Lending Association

HSBC’s second major write-down in four months

For the second time in four months, HSBC has revealed its pessimism regarding the future direction of the Chinese economy and the country’s severe property crisis with a massive write-down on a key investment, this time in a major bank.

Last October, HSBC disclosed a $US500 million charge to cover potential losses on commercial real estate loans in China. At the time, the charge against earnings was attributed to economic uncertainty, inflation, rising interest rates, and ongoing developments in the sector.

However, on Wednesday, it took a $US3.0 billion impairment loss related to its 19% stake in China’s Bank of Communications (BoCom), which is heavily exposed to the country’s property crisis.

The news caused HSBC’s shares to lose 8% of their value after the release of the results. The Hong Kong and Shanghai markets rose, disregarding the message from the write-down.

HSBC is BoCom’s second-largest shareholder behind the Chinese government, having bought a stake in 2004 for $US1.75 billion and adding another $US1.7 billion stake in 2012. BoCom is China’s 6th largest bank.

Market reports in Hong Kong and London late last year suggested HSBC might have to impair the book value of the investment. Many reports claim the write-down could be as high as $US15 billion on a book value reported in August at nearly $US24 billion.

HSBC said the write-down in its holding in BoCom stake came after a review of the Chinese bank’s likely future cash flows and outlook for loan growth and interest margins, against the background of the weak economy.

That means the review concluded that the bank would not earn enough in future years to justify its book value due to weak property and prospects for economic growth.

The large write-off came after rival Standard Chartered in October took a nearly $US1 billion hit on its own China bank stake, as widening loan losses compressed lenders’ profits.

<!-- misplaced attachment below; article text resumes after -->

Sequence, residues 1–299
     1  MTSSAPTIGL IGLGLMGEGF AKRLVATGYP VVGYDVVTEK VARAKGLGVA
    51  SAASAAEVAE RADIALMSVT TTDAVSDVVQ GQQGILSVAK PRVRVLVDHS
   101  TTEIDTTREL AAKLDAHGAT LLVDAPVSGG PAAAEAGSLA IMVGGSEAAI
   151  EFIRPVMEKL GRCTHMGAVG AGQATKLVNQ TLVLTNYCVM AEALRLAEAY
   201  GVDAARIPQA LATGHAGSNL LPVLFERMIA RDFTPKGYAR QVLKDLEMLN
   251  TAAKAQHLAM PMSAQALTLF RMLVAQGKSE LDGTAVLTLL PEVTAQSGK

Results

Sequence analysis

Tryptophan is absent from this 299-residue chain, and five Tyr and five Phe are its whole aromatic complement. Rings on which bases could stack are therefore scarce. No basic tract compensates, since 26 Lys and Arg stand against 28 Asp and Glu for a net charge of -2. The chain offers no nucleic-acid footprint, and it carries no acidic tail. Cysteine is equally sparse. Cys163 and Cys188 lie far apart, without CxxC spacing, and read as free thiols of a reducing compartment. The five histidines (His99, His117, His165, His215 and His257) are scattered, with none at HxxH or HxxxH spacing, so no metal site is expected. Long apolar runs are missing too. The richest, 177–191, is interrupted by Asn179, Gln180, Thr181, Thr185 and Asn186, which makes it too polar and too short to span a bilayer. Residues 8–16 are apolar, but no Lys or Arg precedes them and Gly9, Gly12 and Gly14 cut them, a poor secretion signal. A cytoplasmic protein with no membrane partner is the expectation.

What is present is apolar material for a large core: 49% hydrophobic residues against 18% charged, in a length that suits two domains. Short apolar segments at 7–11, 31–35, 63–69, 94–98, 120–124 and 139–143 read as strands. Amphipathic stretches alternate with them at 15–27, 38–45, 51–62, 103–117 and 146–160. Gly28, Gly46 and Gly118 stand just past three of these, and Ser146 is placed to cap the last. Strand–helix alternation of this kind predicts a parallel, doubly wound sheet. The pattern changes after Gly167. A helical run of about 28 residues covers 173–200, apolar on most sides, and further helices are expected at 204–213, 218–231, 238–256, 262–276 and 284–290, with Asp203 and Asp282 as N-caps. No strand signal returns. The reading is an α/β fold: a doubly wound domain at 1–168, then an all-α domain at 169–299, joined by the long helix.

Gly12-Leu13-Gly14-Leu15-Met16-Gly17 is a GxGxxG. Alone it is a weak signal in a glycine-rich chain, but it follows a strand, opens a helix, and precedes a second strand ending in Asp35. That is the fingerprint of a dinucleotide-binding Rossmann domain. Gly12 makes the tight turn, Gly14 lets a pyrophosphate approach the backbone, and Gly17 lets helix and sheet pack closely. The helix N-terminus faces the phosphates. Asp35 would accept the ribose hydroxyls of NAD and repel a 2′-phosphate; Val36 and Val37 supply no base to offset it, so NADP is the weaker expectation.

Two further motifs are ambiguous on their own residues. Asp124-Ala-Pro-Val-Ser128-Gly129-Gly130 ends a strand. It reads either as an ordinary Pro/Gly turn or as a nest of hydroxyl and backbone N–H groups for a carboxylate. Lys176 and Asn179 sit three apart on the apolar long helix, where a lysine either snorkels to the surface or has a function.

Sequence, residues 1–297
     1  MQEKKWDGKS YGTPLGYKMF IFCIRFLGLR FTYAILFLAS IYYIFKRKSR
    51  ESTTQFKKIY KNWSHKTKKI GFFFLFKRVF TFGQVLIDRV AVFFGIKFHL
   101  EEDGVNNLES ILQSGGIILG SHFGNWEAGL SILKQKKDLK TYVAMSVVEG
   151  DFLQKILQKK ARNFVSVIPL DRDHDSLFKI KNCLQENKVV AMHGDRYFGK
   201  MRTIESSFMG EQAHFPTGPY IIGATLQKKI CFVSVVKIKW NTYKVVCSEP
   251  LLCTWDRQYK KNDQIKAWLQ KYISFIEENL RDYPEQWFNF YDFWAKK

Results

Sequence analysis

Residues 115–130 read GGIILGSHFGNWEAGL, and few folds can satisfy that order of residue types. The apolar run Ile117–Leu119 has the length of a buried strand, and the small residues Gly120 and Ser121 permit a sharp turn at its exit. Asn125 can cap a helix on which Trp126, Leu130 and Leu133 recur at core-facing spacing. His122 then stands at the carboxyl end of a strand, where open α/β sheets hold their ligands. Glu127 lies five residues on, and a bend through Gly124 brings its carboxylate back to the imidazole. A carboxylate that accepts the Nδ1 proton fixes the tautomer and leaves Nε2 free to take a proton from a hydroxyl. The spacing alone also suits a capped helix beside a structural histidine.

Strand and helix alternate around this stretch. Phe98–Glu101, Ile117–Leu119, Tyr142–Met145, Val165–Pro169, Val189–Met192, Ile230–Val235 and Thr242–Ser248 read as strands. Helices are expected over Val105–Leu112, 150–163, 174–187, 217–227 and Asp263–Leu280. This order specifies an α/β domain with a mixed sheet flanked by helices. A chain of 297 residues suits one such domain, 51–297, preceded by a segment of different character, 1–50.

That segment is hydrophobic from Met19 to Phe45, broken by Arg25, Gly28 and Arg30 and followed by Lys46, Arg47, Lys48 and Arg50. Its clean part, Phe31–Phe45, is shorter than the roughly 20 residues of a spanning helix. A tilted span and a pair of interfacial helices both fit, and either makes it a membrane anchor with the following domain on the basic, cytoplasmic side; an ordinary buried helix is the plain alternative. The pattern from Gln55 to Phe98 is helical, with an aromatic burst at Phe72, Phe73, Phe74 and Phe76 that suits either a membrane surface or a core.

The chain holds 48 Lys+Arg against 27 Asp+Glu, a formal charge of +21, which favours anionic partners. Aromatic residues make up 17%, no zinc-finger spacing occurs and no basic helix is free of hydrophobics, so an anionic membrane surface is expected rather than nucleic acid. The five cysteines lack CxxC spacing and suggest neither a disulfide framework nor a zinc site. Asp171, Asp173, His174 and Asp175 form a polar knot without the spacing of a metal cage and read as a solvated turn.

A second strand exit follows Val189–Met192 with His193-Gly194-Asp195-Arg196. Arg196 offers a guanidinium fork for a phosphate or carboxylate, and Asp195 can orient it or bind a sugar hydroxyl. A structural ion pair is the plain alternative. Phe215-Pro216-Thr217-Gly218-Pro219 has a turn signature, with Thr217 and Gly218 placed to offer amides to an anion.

And Canada’s Bank of Nova Scotia made a smaller write-down in an investment in Bank of Xi’an Co Ltd. in China.

“China’s recovery after reopening (following the pandemic) was bumpier than expected, but its economy grew in line with its annual target of around 5 per cent in 2023,” HSBC Chairman Mark Tucker said in a release on Wednesday.

Seeing it was the second-largest shareholder in BoCom, you’d have to assume that HSBC cleared with the government, or at least informed the biggest shareholder.

The unexpected news didn’t detract, though, from what was a big result from HSBC, which still managed to lift pre-tax earnings to a record $US30 billion on revenue for 2023 of $US66 billion, up from $US51.73 billion in 2022.

HSBC reported a 78% jump in pre-tax profits for the 2023 year to $US30.3 billion from a year ago. That was well under the $US34.06 billion from analysts but well above the $US17.3 billion for all of 2022.

The reason for the miss was the loss in the December quarter when the bank took that unexpected write-down on an investment.

The bank said its profit after tax increased by 50% or $US8.3 billion to $US24.6 billion.

The bank will pay a 61 cents a share dividend for all of the year (they were resumed last year) but the bank says it will run a $US2 billion buyback over the next year. The bank said that once the sale of its businesses in Canada is completed, it will look to pay a special 21 cents a share dividend later this year. The new buyback will be on top of the three last year which totaled $US7 billion.